Falls Account for 42 Percent of Deaths in Construction (1982-2015)

The National Academies of Sciences, Engineering, and Medicine published a report calling for strong regional occupational safety and health surveillance programs in the United States.

The researchers used data from the Fatality Assessment and Control Evaluation (FACE) program of the National Institute for Occupational Safety and Health (NIOSH). FACE contains data on select workplace fatalities.

The data covered 768 deaths and was encoded into the Construction FACE Database (CFD). It yielded sobering results, including:

  • About 54 percent of the fatalities involved employees who did not have access to a Personal Fall Arrest System (PFAS).
  • Twenty-three percent of employees did not use a PFAS, even if they did have access.
  • Twenty percent of the fatalities occurred within two months after employees took the job.

To learn more about the research, read the abstract and view Construction FACE database webpage.

A Look Inside STOP®

The award-winning DuPont™ STOP® program provides a path to workplace safety excellence by making safe behavior and workplace conditions part of the work culture – thus preventing injuries and incidents.

See for yourself how DuPont helps to provide people with the safest workplace possible with A Look Inside STOP®. During this one-day workshop, a certified STOP® trainer - who has hands-on experience implementing STOP® - will outline why the STOP® principles work, how the programs are structured and how it can be rolled out in your workplace.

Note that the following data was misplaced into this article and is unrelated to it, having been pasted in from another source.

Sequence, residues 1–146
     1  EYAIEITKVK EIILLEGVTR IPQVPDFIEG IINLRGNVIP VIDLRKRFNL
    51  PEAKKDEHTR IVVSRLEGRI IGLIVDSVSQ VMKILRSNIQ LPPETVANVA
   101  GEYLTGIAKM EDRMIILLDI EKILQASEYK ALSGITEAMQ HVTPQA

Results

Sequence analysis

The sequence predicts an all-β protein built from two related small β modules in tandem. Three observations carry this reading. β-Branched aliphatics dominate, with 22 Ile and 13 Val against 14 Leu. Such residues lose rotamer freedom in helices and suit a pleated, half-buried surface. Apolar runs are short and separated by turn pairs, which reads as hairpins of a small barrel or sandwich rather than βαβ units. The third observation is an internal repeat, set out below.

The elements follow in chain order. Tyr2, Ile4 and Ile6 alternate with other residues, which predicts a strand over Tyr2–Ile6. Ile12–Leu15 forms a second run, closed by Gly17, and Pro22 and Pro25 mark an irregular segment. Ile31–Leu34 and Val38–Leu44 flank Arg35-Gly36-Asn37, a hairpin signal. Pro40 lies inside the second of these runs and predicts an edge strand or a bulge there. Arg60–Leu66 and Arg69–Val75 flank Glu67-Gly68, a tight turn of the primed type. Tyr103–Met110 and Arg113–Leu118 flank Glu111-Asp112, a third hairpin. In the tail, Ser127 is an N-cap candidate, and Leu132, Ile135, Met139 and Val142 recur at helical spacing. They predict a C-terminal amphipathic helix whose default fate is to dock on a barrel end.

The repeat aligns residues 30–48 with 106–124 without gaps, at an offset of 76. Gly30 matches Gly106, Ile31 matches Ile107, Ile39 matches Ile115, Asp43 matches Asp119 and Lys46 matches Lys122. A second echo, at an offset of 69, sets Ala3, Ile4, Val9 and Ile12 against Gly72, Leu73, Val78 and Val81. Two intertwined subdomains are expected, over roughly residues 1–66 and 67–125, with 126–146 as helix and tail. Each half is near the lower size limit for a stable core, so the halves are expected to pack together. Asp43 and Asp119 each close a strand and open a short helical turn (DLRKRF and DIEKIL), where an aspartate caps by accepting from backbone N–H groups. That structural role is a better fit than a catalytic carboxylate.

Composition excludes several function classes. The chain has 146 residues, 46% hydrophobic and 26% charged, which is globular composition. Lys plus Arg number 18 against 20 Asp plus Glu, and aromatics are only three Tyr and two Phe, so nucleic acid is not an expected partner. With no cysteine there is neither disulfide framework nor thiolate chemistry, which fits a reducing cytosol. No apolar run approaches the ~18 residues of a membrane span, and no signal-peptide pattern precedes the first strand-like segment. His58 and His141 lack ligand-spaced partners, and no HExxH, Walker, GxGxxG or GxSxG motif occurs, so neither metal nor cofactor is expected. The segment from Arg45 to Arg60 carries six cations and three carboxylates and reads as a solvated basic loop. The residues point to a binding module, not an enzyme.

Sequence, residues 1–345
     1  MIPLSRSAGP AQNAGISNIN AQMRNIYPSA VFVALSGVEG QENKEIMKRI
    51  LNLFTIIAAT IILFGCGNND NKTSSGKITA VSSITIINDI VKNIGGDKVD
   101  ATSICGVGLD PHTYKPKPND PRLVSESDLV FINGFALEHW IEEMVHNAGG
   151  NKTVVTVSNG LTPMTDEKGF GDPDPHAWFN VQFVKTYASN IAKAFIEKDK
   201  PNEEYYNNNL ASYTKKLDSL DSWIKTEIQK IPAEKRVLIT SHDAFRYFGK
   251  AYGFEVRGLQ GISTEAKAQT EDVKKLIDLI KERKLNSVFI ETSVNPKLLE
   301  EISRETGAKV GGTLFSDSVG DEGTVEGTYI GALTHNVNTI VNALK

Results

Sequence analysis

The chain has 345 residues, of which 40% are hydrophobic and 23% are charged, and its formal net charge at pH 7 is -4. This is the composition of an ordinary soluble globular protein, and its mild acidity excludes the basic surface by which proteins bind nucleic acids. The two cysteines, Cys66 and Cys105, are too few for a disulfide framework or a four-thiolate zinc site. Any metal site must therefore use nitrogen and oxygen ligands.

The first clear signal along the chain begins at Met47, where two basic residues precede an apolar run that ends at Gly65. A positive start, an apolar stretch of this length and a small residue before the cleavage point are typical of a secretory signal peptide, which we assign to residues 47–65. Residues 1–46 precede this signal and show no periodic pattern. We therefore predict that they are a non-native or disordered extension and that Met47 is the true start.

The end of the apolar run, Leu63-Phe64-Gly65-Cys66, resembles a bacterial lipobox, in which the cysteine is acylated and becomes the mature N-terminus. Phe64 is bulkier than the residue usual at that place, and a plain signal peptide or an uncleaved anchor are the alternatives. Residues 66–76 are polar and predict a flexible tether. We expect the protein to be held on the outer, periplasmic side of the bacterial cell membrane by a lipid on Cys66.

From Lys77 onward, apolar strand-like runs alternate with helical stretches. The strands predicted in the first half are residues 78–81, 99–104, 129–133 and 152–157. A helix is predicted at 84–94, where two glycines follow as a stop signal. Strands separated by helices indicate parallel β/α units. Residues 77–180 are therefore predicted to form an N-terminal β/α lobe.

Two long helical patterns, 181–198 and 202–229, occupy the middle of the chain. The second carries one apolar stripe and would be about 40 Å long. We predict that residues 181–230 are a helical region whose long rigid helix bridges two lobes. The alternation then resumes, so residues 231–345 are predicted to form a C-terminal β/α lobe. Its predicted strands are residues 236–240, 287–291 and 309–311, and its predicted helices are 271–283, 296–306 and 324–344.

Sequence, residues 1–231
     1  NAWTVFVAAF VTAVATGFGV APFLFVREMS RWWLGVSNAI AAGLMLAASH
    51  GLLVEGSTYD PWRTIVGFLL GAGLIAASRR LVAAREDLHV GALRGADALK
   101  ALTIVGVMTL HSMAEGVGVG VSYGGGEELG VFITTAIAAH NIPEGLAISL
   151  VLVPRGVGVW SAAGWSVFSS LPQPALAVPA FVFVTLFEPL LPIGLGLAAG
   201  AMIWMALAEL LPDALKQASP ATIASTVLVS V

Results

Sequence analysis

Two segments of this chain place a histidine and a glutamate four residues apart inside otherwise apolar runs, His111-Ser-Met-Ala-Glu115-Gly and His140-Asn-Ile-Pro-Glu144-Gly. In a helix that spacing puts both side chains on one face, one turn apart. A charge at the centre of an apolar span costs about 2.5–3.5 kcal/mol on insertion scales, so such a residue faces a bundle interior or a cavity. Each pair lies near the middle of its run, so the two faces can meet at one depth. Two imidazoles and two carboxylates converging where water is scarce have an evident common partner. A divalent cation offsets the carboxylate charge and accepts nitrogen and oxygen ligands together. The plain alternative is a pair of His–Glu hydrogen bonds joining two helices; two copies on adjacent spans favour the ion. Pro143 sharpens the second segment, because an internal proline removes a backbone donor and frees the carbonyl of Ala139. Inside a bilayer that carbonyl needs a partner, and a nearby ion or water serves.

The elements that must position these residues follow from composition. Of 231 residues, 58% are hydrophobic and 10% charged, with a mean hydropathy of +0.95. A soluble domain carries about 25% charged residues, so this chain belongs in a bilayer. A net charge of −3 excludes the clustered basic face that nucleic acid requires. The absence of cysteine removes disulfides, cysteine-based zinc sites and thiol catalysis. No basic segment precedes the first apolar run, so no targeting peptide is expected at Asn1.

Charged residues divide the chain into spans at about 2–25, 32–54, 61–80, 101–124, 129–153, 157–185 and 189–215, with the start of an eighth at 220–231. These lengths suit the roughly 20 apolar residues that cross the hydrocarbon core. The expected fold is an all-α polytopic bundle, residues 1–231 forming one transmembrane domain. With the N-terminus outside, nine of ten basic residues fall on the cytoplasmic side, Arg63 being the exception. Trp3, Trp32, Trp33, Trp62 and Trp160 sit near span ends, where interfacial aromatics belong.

Who Should Attend?

  • Safety personnel, safety committee members and operations managers who are new to the STOP® offering and would like to understand how the STOP® principles can revolutionize how employees look at safety.
  • Those who want to understand how improving employee observation and communication skills can not only reduce injuries, but also improve quality and productivity.
  • Those who haven't looked at STOP® for a few years. Come and see what's new!

This complimentary workshop includes lunch and refreshments. It runs from 8:30am-2:00pm. View the full agenda.

Register for a city near you:
San Diego, CA – March 6th

Workplace Exposures Account For As Many As 21 Percent of Asthma Deaths in the U.S.

From 1999 to 2016, between 11 and 21 percent of asthma fatalities for U.S. adults between 15 and 64 years old may be attributable to occupational exposures, according to a Mortality and Morbidity Weekly Report published last month by the Centers for Disease Control and Prevention (CDC).

The figure amounts to 7,000 out of the 33,307 total asthma fatalities. In 2015, about 18.4 million adults in the United States had asthma, and around 3,400 deaths were reported.

The Mortality and Morbidity Weekly Report also classified the deaths according to gender and industry. It found that deaths were more common among women with the majority working in social assistance. Fatalities involving men were highest in the food, beverage, and tobacco products manufacturing industry.

Some data on asthma deaths based on race and age is also available.

Read the full MMWR report or view a synopsis.

Study Explains How Sitting Can Burn More Calories Than Standing

Modest movement while seated resulted in higher metabolic rates than just standing or sitting, according to a study published in the journal, WORK.

The study, headed by Craig Horswill, Clinical Associate Professor of Kinesiology and Nutrition at the University of Illinois in Chicago, involved comparisons of participants in three situations: 1) sitting at a table, 2) standing at a desk, and 3) sitting on a desk that has a movable footrest, suspended from the underside of the desk, which enabled the feet to swing, twist, or teeter.

It was found that the movable footrest meant a metabolic rate 17 percent higher than when just sitting, and 7 percent higher than when standing.